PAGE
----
I hope you enjoyed reading this article. Hopefully you know more now than when you started. My goal is simply to provide you with the truth. Nothing more, nothing less. Everything in this piece is based on scientific fact; proven and peer reviewed. Sources are provided.

If you’ve found this article useful, please share with your friends. Spread the word!

Thanks for reading!




[1] – T Colin Campbell, Dietary protein, growth factors, and cancer, The American Journal of Clinical Nutrition, Volume 85, Issue 6, June 2007, Page 1667, https://doi.org/10.1093/ajcn/85.6.1667

[2] – Glosse, P., Fajol, A., Hirche, F. et al. A high-fat diet stimulates fibroblast growth factor 23 formation in mice through TNFa upregulation. Nutr & Diabetes 8, 36 (2018). https://doi.org/10.1038/s41387-018-0037-x

[3] – Koeth RA, Wang Z, Levison BS, Buffa JA, Org E, Sheehy BT, Britt EB, Fu X, Wu Y, Li L, Smith JD, DiDonato JA, Chen J, Li H, Wu GD, Lewis JD, Warrier M, Brown JM, Krauss RM, Tang WH, Bushman FD, Lusis AJ, Hazen SL. Intestinal microbiota metabolism of L-carnitine, a nutrient in red meat, promotes atherosclerosis. Nat Med. 2013 May;19(5):576-85. doi: 10.1038/nm.3145. Epub 2013 Apr 7. PMID: 23563705; PMCID: PMC3650111. https://www.ncbi.nlm.nih.gov/pmc/articles/PMC3650111/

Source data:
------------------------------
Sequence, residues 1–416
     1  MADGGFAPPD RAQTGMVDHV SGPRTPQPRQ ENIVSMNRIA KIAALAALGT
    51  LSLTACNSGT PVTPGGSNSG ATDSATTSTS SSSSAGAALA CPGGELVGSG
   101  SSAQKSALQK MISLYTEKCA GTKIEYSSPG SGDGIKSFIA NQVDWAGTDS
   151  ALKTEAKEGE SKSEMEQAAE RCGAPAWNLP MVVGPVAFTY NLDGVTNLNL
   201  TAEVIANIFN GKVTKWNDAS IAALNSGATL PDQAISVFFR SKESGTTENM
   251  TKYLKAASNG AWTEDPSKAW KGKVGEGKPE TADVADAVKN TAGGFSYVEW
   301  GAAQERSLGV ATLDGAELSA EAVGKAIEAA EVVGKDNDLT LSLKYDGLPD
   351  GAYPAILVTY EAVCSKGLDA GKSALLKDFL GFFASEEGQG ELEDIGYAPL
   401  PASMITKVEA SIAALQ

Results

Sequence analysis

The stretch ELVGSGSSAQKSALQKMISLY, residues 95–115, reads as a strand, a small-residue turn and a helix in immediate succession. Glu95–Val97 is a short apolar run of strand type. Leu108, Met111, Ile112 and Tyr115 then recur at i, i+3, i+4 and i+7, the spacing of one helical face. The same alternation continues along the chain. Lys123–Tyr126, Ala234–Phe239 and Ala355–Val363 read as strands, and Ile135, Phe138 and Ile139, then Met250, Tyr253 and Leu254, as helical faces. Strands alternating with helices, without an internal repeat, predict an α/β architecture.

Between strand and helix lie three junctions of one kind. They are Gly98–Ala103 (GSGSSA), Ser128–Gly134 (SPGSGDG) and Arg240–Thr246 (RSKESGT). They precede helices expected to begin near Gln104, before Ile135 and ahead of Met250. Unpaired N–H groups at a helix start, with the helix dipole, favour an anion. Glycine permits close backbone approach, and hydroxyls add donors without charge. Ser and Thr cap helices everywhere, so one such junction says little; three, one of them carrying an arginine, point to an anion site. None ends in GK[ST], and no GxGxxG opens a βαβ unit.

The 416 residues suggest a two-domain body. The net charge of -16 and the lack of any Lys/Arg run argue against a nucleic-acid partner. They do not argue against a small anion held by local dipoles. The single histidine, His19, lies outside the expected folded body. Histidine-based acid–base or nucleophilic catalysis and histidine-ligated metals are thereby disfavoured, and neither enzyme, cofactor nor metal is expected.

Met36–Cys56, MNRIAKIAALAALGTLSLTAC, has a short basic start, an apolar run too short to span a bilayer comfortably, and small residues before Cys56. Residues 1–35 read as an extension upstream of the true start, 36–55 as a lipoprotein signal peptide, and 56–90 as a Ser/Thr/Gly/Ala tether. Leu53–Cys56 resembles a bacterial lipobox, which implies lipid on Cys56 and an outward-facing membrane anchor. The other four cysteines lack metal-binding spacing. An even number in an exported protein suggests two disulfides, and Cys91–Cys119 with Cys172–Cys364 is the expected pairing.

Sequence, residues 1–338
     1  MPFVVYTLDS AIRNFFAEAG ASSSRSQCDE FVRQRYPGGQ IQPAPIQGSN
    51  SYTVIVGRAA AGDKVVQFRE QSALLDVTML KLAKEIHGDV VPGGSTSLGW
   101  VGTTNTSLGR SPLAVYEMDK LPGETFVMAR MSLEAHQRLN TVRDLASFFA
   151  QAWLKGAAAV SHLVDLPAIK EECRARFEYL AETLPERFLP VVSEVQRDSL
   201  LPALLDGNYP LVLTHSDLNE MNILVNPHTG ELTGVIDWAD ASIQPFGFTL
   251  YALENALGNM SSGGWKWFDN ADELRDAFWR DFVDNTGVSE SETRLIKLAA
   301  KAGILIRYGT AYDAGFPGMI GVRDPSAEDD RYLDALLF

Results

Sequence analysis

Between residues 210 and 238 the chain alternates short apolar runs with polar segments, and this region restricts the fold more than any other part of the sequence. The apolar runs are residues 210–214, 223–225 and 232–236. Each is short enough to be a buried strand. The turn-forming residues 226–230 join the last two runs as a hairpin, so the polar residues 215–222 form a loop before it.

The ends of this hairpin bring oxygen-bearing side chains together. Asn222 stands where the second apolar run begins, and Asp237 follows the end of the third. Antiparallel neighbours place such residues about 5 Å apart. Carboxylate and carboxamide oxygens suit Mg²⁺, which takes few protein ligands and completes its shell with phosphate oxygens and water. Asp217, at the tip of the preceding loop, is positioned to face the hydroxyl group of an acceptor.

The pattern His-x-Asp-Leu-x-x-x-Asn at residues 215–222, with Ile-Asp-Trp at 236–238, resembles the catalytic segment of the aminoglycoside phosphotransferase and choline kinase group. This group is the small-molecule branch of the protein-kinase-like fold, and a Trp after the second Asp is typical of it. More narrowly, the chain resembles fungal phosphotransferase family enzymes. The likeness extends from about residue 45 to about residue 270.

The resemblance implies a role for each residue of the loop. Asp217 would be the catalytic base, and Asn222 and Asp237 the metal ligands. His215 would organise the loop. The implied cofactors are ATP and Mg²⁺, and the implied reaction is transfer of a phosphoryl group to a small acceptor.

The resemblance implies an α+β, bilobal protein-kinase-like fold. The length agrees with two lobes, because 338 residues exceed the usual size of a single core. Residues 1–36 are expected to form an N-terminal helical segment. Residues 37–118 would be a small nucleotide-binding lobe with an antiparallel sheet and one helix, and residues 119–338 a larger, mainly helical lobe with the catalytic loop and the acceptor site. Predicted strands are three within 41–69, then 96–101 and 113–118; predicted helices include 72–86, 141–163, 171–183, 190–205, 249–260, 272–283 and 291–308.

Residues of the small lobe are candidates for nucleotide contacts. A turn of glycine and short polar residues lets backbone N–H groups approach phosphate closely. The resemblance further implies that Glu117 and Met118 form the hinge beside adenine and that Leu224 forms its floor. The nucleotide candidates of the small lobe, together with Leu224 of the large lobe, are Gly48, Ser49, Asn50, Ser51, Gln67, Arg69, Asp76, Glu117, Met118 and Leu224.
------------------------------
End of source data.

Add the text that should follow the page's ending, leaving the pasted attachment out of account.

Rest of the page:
[4] – Hooda J, Shah A, Zhang L. Heme, an essential nutrient from dietary proteins, critically impacts diverse physiological and pathological processes. Nutrients. 2014 Mar 13;6(3):1080-102. doi: 10.3390/nu6031080. PMID: 24633395; PMCID: PMC3967179. https://www.ncbi.nlm.nih.gov/pmc/articles/PMC3967179/